Next up is a football team in the US which managed to beat all the major players but relinquishing their commitment to the predominant method of play. The story here is about how our commitment to a certain way limits our opportunities for growth and advancement. The authors show how loss and commitment add together to become a powerful irrational pull.

The chapter on value attribution is quite scary. They use a number of examples. One is of a famous violin player dressed casually playing complex tunes in an underground station during rush hour. hardly anyone paid him any notice at all. Yet some would pay large sums of money to hear him play on stage dressed in his dinner suit. The book is worth the read in this chapter about the discovery of a human fossil and how scientists of the day were not prepared to give it credence because the discoverer wasn't "one of them".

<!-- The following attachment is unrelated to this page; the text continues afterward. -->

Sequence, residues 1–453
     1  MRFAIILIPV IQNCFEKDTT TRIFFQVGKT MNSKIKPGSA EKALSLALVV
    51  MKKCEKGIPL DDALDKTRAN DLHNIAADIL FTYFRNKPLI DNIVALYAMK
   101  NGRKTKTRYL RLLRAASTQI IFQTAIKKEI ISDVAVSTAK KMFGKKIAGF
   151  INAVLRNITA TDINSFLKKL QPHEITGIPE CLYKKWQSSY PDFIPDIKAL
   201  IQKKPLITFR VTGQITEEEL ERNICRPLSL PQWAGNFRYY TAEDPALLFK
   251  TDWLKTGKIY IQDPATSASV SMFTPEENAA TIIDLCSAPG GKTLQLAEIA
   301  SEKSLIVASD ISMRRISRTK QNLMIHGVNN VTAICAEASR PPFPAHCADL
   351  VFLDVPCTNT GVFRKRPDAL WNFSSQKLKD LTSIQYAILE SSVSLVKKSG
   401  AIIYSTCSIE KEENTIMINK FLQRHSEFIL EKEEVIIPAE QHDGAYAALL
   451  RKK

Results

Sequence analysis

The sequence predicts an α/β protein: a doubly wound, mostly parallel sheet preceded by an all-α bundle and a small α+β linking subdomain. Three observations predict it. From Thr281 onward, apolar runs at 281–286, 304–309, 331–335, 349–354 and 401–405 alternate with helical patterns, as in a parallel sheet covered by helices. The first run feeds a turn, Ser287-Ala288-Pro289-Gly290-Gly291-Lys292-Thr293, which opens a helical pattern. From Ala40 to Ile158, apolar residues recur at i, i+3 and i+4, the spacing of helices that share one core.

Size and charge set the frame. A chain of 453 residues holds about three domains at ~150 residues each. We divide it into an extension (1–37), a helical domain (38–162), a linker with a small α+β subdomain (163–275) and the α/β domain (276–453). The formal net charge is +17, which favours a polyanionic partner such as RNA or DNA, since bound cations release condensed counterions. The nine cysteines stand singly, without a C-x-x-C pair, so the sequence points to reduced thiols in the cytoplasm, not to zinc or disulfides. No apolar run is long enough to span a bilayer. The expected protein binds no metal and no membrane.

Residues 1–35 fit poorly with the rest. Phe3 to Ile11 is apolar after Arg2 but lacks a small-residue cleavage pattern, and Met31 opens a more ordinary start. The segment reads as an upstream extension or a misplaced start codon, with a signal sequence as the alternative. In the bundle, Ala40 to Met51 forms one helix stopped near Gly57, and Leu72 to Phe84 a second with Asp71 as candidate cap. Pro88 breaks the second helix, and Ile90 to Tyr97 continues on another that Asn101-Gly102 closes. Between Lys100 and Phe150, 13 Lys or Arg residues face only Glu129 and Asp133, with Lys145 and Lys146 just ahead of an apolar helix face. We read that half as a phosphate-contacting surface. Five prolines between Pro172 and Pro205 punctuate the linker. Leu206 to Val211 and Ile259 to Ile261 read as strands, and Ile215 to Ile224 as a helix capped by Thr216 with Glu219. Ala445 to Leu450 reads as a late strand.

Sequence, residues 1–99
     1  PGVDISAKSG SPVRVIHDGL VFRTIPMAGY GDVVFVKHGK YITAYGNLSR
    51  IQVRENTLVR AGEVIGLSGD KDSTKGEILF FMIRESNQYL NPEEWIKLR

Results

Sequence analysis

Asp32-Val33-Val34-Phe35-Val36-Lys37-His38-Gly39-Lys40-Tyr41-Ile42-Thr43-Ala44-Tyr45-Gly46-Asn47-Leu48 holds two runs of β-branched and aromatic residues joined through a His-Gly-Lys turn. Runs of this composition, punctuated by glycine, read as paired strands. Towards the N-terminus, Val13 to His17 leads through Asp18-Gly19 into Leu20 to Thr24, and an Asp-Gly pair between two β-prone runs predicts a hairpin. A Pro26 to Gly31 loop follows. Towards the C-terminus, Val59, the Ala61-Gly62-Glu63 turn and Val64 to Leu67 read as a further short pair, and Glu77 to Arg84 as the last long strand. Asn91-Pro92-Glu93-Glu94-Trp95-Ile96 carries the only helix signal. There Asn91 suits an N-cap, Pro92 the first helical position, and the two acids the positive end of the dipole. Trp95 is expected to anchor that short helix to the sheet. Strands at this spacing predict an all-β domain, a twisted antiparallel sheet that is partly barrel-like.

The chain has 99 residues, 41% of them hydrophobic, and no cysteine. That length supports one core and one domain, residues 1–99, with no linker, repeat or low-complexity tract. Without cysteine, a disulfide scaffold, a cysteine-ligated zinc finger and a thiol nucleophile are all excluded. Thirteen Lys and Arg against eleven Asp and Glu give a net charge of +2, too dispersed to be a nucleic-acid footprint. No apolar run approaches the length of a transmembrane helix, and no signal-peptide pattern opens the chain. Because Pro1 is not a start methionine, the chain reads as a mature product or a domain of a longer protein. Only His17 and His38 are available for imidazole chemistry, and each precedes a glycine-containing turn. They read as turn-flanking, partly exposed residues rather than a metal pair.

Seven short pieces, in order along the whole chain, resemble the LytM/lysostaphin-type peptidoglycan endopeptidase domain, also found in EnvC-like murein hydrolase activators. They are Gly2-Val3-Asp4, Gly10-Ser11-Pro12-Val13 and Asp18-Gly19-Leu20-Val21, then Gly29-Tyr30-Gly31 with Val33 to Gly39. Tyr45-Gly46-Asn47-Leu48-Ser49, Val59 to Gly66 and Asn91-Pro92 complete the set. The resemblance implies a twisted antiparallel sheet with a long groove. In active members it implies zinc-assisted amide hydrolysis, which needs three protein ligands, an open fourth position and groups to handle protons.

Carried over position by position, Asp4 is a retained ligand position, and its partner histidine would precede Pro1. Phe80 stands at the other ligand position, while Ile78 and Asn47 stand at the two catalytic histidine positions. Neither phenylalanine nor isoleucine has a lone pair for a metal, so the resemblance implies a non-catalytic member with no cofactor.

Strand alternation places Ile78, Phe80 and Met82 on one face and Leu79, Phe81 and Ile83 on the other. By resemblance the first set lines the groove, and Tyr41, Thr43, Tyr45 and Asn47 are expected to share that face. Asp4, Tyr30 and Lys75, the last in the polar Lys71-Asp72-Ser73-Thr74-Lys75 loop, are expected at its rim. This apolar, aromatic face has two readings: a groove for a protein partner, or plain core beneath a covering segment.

If you are currently either interviewing people for a job or going for interviews yourself, then the next chapter which looks at how initial diagnoses or decisions sway our long term responses to individuals.

Perceptionsbeliefs and context come under scrutiny in the next chapter. If you want to understand why the USA has a Bipolar epidemic then read about it here. If you are involved in training and developing individuals then the examples of belief are important to understand.

So what is fairness? Read on to discover the importance of context.If you think monetary incentives are a motivation to change behaviour then the next chapter provides some examples which may rattle your thoughts. By now I was beginning to understand just how irrational we are as human beings. And just when I've grasped a bit of my own irrationality, the authors move onto the irrationality of groups, particularly looking at blockers and dissenters.